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Oberst and Bright Eyes rock on despite rain
BY KRISTIN ZAGURSKI AND JOSEFINA LOZA
Bright Eyes at Memorial Park
Conor Oberst performs at the free concert in Memorial Park on Saturday.
The rain was heavy and the crowd wasn't gigantic, but homegrown indie rocker Conor Oberst and his Bright Eyes bandmates rocked out Saturday night before thousands of soaked fans at Memorial Park.
Oberst's group took the stage about 8:10 p.m. It started pouring about five minutes later, continuing for about 45 minutes.
"If you don't care about the rain, then we don't either," Oberst told the crowd. "We're going to play as long as you want us to play."
The crowd's cheers amused Oberst, who looked up from under the hoodie that was tightly fastened around his head.
Before the concert began at 6 p.m., Mayor Mike Fahey introduced Bright Eyes and the other two acts for the free concert, Omaha band Neva Dinova and Welsh singer Gruff Rhys.
"We wanted to do something to say 'thank you' to Omaha's youth," Fahey said. He welcomed "locally grown, nationally known" Oberst.
Bright Eyes gave a powerful performance, despite the downpour. The band played until about 9:45 p.m.
Toward the end of the show, Oberst made political comments, even though he said the city had encouraged him not to.
"That's not how my mother raised me," Oberst said.
He said President Bush was an "idiot," and he condemned the Nebraska Legislature for approving a plan to split the Omaha Public Schools into three districts, one mostly white and two mostly minority.
"We have to get together as a city," Oberst said. "I will move out of this city if that's what it's going to be like."
A spokesman for the mayor estimated the crowd at more than 15,000 people at 8:30 p.m. Less than two hours earlier, Fahey said there were 8,000 to 10,000 at the park.
Jennie Weberg, 28, of Omaha, arrived at the park about 3:30 p.m. She attends the Fourth of July concerts in Memorial Park each year. She said Saturday's crowd was fairly small compared to concerts past.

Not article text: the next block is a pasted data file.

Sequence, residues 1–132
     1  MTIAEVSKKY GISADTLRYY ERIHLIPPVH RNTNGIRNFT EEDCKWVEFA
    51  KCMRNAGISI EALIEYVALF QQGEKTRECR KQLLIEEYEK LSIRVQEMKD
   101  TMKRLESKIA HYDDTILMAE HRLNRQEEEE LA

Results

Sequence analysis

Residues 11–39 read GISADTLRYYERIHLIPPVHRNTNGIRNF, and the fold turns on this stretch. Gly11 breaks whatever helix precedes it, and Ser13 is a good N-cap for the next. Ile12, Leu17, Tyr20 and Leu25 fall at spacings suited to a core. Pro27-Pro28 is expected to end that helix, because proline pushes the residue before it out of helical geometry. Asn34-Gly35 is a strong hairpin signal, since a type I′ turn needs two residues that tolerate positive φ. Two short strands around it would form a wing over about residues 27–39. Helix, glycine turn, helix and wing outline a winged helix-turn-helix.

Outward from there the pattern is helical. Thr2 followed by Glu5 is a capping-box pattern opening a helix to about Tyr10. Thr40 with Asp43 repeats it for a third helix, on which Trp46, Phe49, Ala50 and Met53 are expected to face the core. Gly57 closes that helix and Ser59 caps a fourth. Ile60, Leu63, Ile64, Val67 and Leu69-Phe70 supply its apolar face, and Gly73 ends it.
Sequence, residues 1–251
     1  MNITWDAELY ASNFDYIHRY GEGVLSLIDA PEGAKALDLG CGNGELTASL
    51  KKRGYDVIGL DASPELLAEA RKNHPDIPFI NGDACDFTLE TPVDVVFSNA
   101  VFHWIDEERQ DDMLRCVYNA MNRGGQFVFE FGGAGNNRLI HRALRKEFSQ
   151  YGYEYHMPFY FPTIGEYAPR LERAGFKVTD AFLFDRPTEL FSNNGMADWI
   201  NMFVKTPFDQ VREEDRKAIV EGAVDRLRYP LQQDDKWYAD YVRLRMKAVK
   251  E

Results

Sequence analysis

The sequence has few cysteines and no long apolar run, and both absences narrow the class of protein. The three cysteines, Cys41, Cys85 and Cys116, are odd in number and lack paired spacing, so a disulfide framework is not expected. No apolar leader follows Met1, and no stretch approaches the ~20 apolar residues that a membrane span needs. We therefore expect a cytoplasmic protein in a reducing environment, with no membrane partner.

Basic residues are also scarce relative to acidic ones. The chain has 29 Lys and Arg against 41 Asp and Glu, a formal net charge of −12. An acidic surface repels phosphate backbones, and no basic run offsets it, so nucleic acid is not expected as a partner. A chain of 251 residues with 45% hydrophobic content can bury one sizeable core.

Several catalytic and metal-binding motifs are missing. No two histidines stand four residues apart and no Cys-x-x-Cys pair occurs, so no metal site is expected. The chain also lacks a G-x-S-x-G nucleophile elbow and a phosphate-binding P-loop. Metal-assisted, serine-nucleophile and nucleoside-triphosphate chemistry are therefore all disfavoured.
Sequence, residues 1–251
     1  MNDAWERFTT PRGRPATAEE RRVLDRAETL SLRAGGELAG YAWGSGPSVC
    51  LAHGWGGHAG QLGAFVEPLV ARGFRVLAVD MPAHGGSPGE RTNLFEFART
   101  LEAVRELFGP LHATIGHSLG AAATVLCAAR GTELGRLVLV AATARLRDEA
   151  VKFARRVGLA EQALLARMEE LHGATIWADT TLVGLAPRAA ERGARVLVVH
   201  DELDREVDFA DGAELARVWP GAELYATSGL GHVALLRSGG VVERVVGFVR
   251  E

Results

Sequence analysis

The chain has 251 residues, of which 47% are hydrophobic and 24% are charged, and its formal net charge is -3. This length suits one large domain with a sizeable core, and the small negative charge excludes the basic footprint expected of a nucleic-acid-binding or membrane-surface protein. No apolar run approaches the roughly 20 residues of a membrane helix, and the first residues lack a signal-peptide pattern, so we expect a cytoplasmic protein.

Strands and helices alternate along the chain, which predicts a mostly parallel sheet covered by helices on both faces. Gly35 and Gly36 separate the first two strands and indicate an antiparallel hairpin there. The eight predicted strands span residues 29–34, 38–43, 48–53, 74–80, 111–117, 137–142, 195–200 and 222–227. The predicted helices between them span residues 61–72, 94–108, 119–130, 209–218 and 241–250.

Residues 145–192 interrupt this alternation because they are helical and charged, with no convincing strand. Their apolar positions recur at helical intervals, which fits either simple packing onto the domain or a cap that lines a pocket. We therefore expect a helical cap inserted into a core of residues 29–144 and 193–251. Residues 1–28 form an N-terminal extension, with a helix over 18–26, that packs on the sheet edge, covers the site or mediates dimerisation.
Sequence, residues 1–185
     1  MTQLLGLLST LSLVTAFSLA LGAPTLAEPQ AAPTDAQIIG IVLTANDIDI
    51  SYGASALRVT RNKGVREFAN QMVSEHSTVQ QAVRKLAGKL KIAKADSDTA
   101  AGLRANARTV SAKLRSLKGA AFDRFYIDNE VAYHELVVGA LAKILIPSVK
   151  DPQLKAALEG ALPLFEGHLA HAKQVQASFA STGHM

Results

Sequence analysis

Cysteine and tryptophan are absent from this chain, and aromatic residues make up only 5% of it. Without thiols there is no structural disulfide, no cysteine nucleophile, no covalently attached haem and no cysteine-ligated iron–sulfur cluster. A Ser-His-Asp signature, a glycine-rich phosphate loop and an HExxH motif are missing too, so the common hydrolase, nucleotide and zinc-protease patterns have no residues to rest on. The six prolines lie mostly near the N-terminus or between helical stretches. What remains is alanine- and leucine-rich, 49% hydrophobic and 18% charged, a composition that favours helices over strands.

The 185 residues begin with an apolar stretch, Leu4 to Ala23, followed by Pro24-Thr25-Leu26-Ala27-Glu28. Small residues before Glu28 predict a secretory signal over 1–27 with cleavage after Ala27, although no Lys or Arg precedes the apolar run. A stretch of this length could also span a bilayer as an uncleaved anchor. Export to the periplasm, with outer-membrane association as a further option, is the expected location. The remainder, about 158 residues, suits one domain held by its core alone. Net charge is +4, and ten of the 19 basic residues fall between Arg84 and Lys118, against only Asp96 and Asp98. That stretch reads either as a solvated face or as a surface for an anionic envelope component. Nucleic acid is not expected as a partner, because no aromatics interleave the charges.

"I've never seen this so empty before," she said early in the evening. "I was surprised."
Most of those in attendance were between 18 and 25.
Among the older concertgoers were Nancy and Michael McKibbin of Peru, Neb.
Nancy McKibbin, 53, said nothing is better than a free concert. "Doesn't matter if they (the acts) are young or old, just as long as the music is good," she said.
Michael McKibbin, 57, said the concert's "more contemporary" music was good. "Keeps things fresh," he said.
Other events in Omaha likely kept some attendees away from the Bright Eyes concert, which preshow estimates had said could draw more than 20,000.
Fahey said there probably were 20,000 people at Rosenblatt Stadium for the College World Series and 6,000 to 7,000 at the Playing With Fire blues concert series on the riverfront.
Traffic around Memorial Park seemed to flow well. Neighborhood streets to the north were full of parked cars but were otherwise unaffected.
Several people drank beer during Oberst's performance, even though alcohol is prohibited inside Memorial Park. At least one person was cited for possession of marijuana. Police said no serious problems occurred during the concert.
New this year was a rule that prohibited people from staking out spots in the park days in advance of the concert. People were allowed in starting at 5 a.m. Some people came in at that time to claim spots and then left.
Turns out the where didn't matter much - Oberst's vocals were audible from just about anywhere in the park.
The music was a blend of folk and rock. Sometimes, the delicate mix of accordion, fiddle, keyboards and Oberst's guitar played second to the noise in the crowd.
The rain drove many people away, but most stayed - huddling under blankets, trees and umbrellas. Some welcomed the rain, singing and dancing. Many dove down a hill on the east side of the concert area, sliding through the mud.
Oberst was one with his young fans at Memorial Park. Among the songs he performed for them were "The First Day of My Life" and "Take It Easy (Love Nothing)."
"Conor gave a great performance," said Hanna Bendler, 19, of Omaha. "The rain, the mood and Conor - it was all so fitting."
World-Herald staff writers Conning Chu and Josh Swartzlander contributed to this report.
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